The book is a work in progress, by Mark Seemann, to be published by Manning Publications. It is entitled Dependency Injection in .Net. This book fills in a serious gap my software development education by explaining how automated dependency injection can help improve testability and composability of modules. It shows me both how to do something (with compilable sample code), and it also shows me why things are done (the resulting benefits). I love this book. It is by a real programmer, about a really important topic. And I’m learning a lot of stuff I can use in my daily programming work
It comes with source code and unit tests, which I have compiled and run. The author is clearly passionate about unit testing and TDD in particular, as can be seen on his blog. I love studying real code. Mark clearly put a lot of effort into developing these realistically complex sample applications. I know – I have developed material like that for teaching code contracts, and it is a lot of work to pull it all together.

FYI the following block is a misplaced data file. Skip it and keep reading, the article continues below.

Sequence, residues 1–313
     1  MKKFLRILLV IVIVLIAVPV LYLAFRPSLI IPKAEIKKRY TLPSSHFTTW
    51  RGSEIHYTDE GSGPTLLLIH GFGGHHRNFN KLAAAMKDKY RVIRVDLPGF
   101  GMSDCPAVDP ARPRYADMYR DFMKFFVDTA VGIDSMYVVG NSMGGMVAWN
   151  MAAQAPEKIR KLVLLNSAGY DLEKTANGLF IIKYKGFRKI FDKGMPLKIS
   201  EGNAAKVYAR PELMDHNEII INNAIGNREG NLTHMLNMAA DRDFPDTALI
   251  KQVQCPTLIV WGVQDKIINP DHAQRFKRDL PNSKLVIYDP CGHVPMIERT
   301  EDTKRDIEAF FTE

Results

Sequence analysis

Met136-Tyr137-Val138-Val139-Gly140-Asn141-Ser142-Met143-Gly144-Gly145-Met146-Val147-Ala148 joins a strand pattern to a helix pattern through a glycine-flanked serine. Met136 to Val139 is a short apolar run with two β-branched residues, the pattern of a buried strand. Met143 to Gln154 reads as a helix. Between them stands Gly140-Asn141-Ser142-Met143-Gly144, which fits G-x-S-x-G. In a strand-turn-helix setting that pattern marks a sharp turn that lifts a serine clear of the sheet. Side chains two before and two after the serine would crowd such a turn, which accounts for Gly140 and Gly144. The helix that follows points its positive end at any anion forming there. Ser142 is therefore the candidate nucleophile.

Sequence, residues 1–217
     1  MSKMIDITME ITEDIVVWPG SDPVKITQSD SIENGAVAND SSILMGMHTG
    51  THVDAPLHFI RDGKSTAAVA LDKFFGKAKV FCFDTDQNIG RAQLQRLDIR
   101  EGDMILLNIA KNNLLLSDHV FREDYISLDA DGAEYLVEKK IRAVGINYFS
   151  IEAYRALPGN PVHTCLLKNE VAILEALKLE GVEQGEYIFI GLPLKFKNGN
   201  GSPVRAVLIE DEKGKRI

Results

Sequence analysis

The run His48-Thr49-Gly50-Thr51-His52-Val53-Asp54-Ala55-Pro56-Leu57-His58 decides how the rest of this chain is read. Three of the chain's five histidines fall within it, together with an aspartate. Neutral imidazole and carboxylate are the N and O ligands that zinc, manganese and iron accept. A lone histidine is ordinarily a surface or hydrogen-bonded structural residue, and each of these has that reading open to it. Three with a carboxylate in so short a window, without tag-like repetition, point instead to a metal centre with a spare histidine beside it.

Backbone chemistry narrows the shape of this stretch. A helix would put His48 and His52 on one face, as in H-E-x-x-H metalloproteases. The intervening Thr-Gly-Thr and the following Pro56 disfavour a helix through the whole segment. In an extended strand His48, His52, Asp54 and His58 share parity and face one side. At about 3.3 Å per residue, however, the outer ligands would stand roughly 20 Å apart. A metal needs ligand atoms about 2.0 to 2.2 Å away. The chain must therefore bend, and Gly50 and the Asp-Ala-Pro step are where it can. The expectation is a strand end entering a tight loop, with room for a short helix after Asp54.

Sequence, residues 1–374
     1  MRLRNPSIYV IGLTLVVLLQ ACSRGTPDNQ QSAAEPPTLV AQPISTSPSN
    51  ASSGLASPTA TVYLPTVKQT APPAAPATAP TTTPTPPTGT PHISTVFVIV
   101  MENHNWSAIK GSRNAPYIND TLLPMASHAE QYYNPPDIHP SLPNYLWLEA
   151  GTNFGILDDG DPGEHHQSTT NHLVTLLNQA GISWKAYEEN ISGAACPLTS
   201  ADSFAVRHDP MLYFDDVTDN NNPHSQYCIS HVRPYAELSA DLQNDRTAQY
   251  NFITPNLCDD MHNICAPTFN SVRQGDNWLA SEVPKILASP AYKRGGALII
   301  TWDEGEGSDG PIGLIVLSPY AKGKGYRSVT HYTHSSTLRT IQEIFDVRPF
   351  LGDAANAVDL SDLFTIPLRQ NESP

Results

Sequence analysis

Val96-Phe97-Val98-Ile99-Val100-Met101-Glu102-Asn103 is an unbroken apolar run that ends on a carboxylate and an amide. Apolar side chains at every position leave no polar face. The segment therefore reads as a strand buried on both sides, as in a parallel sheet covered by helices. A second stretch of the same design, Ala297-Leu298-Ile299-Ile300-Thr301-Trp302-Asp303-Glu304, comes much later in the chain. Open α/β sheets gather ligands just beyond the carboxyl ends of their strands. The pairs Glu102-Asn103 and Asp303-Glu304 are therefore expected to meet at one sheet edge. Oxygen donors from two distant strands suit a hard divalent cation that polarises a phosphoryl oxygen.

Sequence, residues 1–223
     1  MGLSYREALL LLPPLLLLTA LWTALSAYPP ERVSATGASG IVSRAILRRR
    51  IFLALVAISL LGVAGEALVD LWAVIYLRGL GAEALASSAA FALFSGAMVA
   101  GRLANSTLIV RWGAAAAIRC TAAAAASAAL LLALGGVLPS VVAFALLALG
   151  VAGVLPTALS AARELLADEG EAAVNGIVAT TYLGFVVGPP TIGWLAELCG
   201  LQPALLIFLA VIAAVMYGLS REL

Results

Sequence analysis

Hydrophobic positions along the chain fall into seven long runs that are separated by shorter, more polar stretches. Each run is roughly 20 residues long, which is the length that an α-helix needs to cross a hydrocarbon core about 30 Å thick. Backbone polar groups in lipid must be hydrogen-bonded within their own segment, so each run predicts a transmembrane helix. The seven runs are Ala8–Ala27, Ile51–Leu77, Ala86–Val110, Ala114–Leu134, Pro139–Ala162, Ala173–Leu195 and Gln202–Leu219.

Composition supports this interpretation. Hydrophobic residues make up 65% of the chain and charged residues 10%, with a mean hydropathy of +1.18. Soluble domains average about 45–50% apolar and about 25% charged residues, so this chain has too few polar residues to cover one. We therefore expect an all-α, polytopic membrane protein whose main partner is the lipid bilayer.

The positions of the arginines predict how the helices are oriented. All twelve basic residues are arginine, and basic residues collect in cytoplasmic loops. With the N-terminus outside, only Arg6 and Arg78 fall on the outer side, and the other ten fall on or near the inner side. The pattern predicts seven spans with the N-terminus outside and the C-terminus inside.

This is the first time I have purchased a book that was under development. The book is well along towards completion, and already has tons of useful information. I am such a slow study that I am not in a hurry anyway. And the forum for readers is a cool way for us to help the author write a better book and help each other understand the material. The author has produced a clearly written work that explains dependency injection and layered architecture better than anything I have seen so far. The chapter on cross-cutting concerns does an outstanding job of bringing together several ideas to summarize how SOLID code design principles are connected with Dependency Injection, and how they are both a means to produce code that is easier to create, change, and test. These internal qualities help us deliver the external qualities like reliability and adaptability that our customers deserve. It complements the material presented in Robert C. (Uncle Bob) Martin’s excellent book Agile Principles, Patterns, and Practices in C#. I loved Uncle Bob’s book . but the chapters on module and library dependency drove me crazy. I understood him just enough to appreciate that he was saying something important. But I did not quite get it. Thanks to Mark Seemann’s work on dependency injection, I think I understand library dependencies better.